The Serpent’s Gift

Hermetic Library Fellow T Polyphilus reviews The Serpent’s Gift: Gnostic Reflections on the Study of Religion by Jeffrey J Kripal.

Kripal The Serpent's Gift

In a 1978 essay in Understanding the New Religions, Robert Bellah mentioned that “religious intellectuals are, perhaps to a greater extent than ever before in American history, cut off from large religious bodies which, theoretically, represent the majority of the religious population,” and he went on to speculate whether academic “religious studies itself is, in a sense, ‘new religion’.” In The Serpent’s Gift, Jeffrey Kripal seems eager to emblemize Bellah’s verdict and to vindicate his speculation. 

Kripal’s book is something of a manifesto on method in religious studies. It is made up of insightful explorations of “eroticism, humanism, comparative mysticism, and esotericism” in religion as approached through academic research. The aggregate effect is to outline what he calls “academic gnosticism.” But it would probably be more accurate to call it “gnostic academicism,” since the institutions and traditions on which it depends are those of the academy, while the themes and perspectives that it champions are the ones Kripal has chosen to gloss as “gnostic.” In contradiction to some 20th-century Neognostics, Kripal appreciates the essentially elitist nature of ancient gnosticism, and he is acutely aware of its initiatory dimension.

As in his earlier work Roads of Excess, Palaces of Wisdom, the author takes an intimate and somewhat confessional approach to his material. The endnotes are a rich mixture of textual references and authorial asides, and his conversationally annotated bibliography is matched with a preface on his textual sources of inspiration, called “Digging Up My Library.” This apparatus, and the introductory essay on method and theory, are some of the best parts of the book. No interested reader should overlook them.

The main body of the text is made up of four essays. The first of these is the most conventionally “gnostic” in its historical scope, and it treats a variety of sexualized representations of Jesus that are rarely given a popular hearing. Kripal acknowledges the ordinary celibate Jesus, and introduces readers to the bastard Jesus, the queer Jesus, and even the ‘straight’ Jesus, discussing both the venerability of such assessments and the consequences of the question itself.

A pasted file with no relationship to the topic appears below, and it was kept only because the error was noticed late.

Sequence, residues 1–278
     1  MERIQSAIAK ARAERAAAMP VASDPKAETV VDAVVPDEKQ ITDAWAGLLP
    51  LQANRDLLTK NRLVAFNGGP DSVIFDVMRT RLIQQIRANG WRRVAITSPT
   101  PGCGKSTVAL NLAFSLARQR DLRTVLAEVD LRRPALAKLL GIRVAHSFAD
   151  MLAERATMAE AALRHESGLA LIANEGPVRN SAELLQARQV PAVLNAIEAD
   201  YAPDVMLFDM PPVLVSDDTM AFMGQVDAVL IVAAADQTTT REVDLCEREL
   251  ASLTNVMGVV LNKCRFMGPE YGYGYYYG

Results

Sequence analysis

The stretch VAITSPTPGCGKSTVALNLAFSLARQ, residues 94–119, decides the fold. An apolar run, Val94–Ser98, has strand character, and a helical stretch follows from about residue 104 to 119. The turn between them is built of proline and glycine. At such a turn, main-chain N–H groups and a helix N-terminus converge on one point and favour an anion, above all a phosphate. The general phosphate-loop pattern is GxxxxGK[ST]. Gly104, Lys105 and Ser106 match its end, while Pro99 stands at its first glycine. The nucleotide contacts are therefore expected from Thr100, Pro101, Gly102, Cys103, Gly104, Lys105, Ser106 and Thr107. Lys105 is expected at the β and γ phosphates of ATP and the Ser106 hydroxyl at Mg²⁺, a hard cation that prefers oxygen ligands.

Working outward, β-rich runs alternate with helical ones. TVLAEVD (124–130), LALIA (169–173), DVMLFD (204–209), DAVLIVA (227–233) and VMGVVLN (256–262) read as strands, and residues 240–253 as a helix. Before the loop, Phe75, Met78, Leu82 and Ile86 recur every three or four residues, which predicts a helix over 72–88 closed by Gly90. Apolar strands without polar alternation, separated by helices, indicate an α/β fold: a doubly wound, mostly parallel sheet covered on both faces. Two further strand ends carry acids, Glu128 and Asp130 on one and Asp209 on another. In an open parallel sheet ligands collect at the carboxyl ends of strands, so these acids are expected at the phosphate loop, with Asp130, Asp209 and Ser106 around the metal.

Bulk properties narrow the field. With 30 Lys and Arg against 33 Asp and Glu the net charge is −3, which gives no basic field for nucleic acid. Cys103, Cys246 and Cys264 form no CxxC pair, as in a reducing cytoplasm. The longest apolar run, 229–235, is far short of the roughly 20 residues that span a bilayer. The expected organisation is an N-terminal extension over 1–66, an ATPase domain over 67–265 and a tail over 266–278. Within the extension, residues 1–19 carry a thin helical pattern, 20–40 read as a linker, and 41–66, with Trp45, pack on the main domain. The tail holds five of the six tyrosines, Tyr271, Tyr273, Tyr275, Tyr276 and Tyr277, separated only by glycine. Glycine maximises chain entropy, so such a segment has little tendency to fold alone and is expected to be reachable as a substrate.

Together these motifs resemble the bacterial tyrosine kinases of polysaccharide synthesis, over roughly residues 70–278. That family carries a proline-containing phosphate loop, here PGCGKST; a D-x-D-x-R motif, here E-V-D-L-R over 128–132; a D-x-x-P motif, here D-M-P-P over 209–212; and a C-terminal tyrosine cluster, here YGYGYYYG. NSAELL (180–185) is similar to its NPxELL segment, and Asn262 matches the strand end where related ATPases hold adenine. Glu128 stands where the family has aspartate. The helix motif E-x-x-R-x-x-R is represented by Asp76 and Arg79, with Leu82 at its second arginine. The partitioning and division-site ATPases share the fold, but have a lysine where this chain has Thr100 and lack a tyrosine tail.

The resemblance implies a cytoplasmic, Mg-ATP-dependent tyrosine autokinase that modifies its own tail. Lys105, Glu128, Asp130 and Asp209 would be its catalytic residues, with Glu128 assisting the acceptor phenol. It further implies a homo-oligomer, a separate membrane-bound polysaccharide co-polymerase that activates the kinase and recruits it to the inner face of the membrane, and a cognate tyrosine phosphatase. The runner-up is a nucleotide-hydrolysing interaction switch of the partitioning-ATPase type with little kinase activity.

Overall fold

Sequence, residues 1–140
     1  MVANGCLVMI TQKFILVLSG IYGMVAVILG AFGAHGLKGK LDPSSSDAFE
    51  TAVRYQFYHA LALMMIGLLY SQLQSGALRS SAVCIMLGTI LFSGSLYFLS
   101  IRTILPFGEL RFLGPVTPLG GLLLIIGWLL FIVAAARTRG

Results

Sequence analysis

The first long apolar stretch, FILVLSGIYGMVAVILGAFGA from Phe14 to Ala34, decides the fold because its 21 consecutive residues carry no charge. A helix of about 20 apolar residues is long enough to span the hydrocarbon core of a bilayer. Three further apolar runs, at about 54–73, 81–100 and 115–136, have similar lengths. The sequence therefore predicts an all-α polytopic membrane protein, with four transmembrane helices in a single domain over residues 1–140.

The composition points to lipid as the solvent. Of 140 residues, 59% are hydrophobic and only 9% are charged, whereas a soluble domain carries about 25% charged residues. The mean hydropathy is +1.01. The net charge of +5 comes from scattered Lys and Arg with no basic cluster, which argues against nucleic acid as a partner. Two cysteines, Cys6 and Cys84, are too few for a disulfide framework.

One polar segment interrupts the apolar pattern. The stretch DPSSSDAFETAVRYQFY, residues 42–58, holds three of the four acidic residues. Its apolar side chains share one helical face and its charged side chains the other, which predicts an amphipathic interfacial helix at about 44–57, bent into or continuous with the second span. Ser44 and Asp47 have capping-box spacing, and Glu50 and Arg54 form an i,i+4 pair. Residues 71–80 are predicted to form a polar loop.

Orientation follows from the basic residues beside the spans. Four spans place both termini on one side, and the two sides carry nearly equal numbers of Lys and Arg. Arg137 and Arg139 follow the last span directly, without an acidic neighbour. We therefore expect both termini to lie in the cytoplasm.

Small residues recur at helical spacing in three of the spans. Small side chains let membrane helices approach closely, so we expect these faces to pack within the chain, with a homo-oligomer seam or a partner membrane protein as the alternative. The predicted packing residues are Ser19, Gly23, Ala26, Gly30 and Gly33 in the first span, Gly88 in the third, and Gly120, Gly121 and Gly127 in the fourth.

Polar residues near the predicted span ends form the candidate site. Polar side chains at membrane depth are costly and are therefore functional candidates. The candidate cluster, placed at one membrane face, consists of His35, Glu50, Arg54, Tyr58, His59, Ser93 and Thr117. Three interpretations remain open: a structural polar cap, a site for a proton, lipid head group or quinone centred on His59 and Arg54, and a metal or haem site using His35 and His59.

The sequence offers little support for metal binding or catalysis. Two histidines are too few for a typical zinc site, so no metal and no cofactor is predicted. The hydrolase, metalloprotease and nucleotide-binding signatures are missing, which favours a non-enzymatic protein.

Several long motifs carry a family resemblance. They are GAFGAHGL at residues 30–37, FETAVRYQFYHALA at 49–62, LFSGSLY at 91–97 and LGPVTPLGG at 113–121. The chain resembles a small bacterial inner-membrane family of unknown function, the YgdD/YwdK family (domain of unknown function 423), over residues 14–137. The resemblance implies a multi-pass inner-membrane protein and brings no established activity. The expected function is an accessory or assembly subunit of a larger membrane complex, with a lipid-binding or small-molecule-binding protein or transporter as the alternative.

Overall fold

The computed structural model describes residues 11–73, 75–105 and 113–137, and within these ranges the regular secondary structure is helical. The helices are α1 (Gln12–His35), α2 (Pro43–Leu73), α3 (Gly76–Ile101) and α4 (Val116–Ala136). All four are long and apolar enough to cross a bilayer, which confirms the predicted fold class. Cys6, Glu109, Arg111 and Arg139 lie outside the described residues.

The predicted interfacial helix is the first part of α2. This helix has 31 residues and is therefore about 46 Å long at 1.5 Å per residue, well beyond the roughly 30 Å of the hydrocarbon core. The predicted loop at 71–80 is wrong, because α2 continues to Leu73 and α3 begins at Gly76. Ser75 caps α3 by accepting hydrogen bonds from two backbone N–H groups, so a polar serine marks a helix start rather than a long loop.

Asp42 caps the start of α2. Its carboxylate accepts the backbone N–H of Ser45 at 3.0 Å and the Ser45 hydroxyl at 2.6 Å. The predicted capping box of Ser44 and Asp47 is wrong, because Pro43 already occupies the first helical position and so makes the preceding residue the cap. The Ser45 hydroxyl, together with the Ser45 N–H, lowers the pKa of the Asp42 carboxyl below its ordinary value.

The second essay is centered on the thought of 19th-century German antichrist Ludwig Feuerbach, with an admittedly creative reading to which I am very sympathetic. He sums this reading as “a type of erotic (post)modern gnosis whose final goal ‘is to make God a man and man a God.’” (89)

In the third essay, Kripal addresses the methodological conundrums of comparativism, and the ways in which the comparative enterprise produces “heresy.” Here he rewardingly takes up the neologism ‘mystics’ (c.f. ‘physics’) from de Certeau translator Michael B. Smith. I was also gratified to read here his engagement with Steven Wasserstrom’s assessment of the mid-20th-century comparativism of the Eranos school, since Wasserstrom’s book had been important in my own return to the academy and work on religious studies earlier this decade. 

Kripal cheerfully transgresses the boundary between high culture and popular culture with his fourth essay, which is constructed around a proposal that the X-Men comics be read as an allegory of his idealized vision of the post-secondary study of religion. It is true, as Kripal claims throughout The Serpent’s Gift, that the university setting can and in many cases does incubate the sort of thought he espouses. Indeed, a certain amount of academic training is helpful even to approach Kripal’s book. But the current fragility of the academic institution, especially with respect to the humanities, does not inspire great hope here. Traditional tenured roles are being replaced with more contingent forms of faculty, the economic proposition of the four-year undergraduate degree is increasingly shaky, and there are growing assaults on the academic protections for freedom of speech and opinion (some of which Kripal addresses in his third essay). I came away from the “Mutant Marvels” essay with a renewed belief in the importance of a robust “academic gnosticism” outside the academy: a network of parallel institutions with their roots in various countercultural movements ranging from Freemasonry (18th century) to occultism (19th century) to Human Potential (20th century), and hardly limited to these. 

The book’s conclusion does reach past the confines of the academy to make programmatic statements about Western religious values. I take issue on a basic level with Kripal’s final assertion that “We do not die because we have sex and reproduce.” (179) While I concur with his dismissal of the Augustinian notion that the act of sex in itself is morally culpable and divinely punished, it is nevertheless true that we are programmed for death through a sexual procreative process that makes earlier generations give way for just the sort of future mutations (physical or spiritual) that Kripal exalts. The error is in considering death to be ‘a bad thing.’ I recommend this book strongly to those who have no faith to obstruct their curiosity, and who have the power to imagine their religions–or their universities–going under.